GCC gears up for VAT in 2018

Businesses will need to review and possibly reconstruct their models and systems while considering whether rising prices drive consumers away.

People shopping at the Dubai Mall in the United Arab Emirates. (AFP)

2017/02/12 Issue: 93 Page: 18

The Arab Weekly
Jennifer Bell

Abu Dhabi - In tax terms, 2017 marks a wa­tershed year for the Gulf Coop­eration Council (GCC) since it will be the last one when it will be free of the value-added tax (VAT).

While the VAT is an established part of the corporate and consumer scenery in about 150 countries, it is new in the Gulf region. With all six GCC countries set to implement VATs in 2018, a financial instrument that was a speck on the horizon a few years ago is looming large.

The realisation that VAT is com­ing was strengthened recently when the Saudi cabinet approved the Unified Agreement for Value Added Tax, an agreement — known as GCC/UVAT — that arches over the GCC members and is designed to ensure its arrival, at a rate of 5%, is smooth and coordinated.

Away from the technicalities and administrative processes that come with its implementation, govern­ments across the Gulf have other VAT matters to consider. Hearts and minds must be convinced and reassured. Businesses will need to review and possibly reconstruct their models and systems while considering whether rising prices drive consumers away. Concerns have been raised about a talent gap in terms of the skilled and experi­enced financial professionals re­quired to ease VAT’s entrance into the GCC.

Public awareness programmes have been pledged, recognising that any form of taxation is hardly destined to be popular. The mes­sage that the GCC needs to find other, non-hydrocarbon income streams to fund spending on infra­structure, education and economic diversification is likely to be ampli­fied over the next 11 months.

Reports that VAT could gener­ate $3.27 billion in new money for the United Arab Emirates in its first year and up to $5.44 billion in the second and that goods such as to­bacco and soft drinks will be on the VAT front line suggest a certain degree of charm offensive is under way.

Charm, however, will not dis­solve the challenge of introducing VAT to a minimal tax area such as the GCC; a challenge outlined by Ivor Feerick, partner in charge of indirect tax at chartered account­ancy firm BDO Ireland. “There are many missteps that can be made during implementation,” he ex­plained.

“Low VAT registration by busi­nesses, arbitrary price increases, incorrect filing of tax returns, lack of access to expertise — these are some of the problems historically encountered by Asian and African countries during the implementa­tion of VAT systems.

“It would be wise to use the time available to ensure a successful implementation and it is critical that the authorities provide com­prehensive and understandable guidelines in a timely manner to enable those businesses that are to be VAT-registered to accommodate the requirements.”

Feerick said that all GCC coun­tries implementing VATs at the same time would smooth the pro­cess but the onus will still be on businesses “to start planning their tax strategy without delay”.

“One of the challenges in intro­ducing a VAT system in a depressed marketplace is that many hard-pressed consumers, who will have experienced decreases in their household income due to cutbacks arising from the halving in the price of oil as well as increases in the cost of oil-related products, are disinclined to spend due to lack of confidence in their personal finan­cial circumstances,” he said.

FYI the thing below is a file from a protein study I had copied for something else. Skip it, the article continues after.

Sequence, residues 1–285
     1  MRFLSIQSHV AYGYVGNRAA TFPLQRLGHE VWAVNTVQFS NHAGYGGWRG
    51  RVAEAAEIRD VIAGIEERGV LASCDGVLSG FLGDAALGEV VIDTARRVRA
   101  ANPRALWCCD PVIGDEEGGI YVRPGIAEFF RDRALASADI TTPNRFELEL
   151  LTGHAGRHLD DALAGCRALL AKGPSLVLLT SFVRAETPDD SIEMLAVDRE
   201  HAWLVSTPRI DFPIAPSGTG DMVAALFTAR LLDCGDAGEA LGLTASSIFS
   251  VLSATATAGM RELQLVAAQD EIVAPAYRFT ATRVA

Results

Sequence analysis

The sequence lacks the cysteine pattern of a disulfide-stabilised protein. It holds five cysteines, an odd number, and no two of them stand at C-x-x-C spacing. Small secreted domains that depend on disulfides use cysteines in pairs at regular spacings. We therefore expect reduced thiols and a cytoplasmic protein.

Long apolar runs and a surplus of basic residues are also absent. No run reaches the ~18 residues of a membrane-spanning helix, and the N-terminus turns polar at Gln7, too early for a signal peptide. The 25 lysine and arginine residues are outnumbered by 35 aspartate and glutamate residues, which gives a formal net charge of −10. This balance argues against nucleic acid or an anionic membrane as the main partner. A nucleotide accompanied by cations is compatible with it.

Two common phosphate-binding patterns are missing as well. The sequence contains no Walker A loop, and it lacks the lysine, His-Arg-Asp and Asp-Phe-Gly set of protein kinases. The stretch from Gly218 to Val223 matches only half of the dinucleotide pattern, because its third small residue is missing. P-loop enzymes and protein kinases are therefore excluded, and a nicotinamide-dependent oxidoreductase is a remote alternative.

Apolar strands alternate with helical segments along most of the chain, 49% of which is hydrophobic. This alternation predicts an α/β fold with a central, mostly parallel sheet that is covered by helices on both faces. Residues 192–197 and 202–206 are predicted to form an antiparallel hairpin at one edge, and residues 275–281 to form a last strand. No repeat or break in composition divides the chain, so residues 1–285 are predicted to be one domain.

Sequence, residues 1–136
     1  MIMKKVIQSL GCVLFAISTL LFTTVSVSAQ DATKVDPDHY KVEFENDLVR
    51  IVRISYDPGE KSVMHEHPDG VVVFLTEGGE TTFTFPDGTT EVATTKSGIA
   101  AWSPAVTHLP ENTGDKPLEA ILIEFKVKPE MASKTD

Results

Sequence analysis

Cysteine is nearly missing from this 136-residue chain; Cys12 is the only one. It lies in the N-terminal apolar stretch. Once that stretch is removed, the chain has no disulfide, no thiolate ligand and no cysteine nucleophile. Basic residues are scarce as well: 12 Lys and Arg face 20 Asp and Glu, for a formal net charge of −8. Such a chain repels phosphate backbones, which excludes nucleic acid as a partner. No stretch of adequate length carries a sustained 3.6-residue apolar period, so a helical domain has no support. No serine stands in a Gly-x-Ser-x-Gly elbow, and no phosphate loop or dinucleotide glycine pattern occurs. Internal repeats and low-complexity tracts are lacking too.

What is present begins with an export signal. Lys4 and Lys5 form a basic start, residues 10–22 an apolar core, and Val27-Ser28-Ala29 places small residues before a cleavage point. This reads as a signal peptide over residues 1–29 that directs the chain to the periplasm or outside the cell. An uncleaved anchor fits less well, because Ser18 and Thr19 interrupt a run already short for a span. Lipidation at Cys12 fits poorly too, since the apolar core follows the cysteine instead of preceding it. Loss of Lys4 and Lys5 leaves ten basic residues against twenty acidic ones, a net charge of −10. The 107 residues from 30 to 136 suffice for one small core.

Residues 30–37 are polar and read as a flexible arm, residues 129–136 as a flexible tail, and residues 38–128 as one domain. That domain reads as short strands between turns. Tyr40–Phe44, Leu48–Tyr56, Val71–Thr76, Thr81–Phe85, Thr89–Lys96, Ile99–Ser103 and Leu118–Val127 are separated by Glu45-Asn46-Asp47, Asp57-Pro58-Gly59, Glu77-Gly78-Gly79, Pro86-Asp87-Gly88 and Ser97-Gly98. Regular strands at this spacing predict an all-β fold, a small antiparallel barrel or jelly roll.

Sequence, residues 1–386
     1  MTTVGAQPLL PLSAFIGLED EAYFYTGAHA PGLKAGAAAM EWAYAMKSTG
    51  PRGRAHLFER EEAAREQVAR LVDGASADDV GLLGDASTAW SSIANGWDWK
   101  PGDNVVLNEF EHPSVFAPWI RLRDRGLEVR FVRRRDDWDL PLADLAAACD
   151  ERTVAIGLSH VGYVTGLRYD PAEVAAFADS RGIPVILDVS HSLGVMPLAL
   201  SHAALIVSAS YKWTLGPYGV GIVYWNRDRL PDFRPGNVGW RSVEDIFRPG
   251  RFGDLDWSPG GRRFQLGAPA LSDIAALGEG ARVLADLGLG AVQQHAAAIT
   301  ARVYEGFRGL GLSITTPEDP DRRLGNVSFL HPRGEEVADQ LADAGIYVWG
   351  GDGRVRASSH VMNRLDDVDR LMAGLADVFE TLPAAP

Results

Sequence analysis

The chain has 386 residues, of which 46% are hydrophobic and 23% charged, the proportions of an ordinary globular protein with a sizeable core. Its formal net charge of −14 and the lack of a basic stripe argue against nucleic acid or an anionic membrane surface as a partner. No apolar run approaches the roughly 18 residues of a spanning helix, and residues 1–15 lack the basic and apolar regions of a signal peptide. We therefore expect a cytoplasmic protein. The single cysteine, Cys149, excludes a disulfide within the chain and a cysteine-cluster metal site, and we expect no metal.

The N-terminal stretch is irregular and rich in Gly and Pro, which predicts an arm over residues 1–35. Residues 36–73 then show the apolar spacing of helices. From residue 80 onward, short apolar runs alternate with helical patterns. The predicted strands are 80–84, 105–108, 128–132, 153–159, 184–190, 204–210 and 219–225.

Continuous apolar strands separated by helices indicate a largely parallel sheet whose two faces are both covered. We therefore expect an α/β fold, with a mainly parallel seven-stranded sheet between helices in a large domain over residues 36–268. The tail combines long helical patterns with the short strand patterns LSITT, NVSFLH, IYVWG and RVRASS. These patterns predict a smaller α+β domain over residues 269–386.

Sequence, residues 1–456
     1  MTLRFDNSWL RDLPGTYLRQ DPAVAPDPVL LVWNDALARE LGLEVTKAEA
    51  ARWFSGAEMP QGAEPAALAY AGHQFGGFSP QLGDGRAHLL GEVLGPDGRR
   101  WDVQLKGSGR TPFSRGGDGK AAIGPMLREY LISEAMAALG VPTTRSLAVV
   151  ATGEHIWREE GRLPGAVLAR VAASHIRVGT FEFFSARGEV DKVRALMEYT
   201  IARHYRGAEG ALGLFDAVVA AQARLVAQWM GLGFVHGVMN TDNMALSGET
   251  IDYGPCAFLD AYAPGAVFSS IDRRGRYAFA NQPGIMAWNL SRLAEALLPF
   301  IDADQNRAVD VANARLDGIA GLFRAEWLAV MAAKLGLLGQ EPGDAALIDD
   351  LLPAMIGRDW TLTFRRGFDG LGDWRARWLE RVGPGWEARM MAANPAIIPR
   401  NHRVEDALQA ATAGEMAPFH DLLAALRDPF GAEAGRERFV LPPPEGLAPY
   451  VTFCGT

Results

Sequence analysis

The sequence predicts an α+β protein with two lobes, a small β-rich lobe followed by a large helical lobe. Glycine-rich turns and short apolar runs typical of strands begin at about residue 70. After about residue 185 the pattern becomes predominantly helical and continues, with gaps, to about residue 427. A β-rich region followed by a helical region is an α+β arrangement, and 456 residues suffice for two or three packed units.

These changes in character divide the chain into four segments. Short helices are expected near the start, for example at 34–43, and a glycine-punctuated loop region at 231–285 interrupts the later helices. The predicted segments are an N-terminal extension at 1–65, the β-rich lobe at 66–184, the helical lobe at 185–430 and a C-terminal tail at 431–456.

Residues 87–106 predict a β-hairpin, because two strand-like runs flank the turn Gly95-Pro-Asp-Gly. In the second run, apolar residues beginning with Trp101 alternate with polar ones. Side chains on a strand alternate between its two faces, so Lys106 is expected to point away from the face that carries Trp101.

“Increasing the price of most goods and services by 5% will act as a further disincentive to consumer spending. So, in the early days, it is likely that retailers may reduce their profit margins and absorb some or all of the VAT costs with a view to maintaining the sales vol­ume required to sustain their busi­nesses.”

However, an official at profes­sional services firm Ernst & Young, which claims VAT at 5% could gen­erate annual revenues of more than $25 billion for the six GCC coun­tries, says VAT’s bark is worse than its bite.

“While the introduction of a tax may seem daunting to consumers and businesses alike, the overall impact for consumers is less than the usual annual inflation rate,” said the firm’s VAT implementation leader, David Stevens.

In terms of the bigger picture, according to Gerard Rahman, chief executive officer of BDO UAE, VAT is a necessary step towards eco­nomic diversification, the sign of a “mature economy” and a vote of confidence in its “reliability and sustainability” in an uncertain world.

“The idea of value-added tax is also consistent with our vision of a diversified economy built by add­ing value to products and services as we participate in a global econo­my,” he said. “We see an important step, with the introduction of VAT, in terms of realising the UAE’s vi­sion of a world-class nation.

“VAT is intrinsic in delivering our vision for the UAE — a diversified, world-class economy. The key to a diversified economy is the capa­bility of an industrial and business sector to add value to a product or service and participate in the global economy. It takes innovative, vi­sionary and creative people to add value.”

Jennifer Bell is an Arab Weekly contributor based in the United Arab Emirates.

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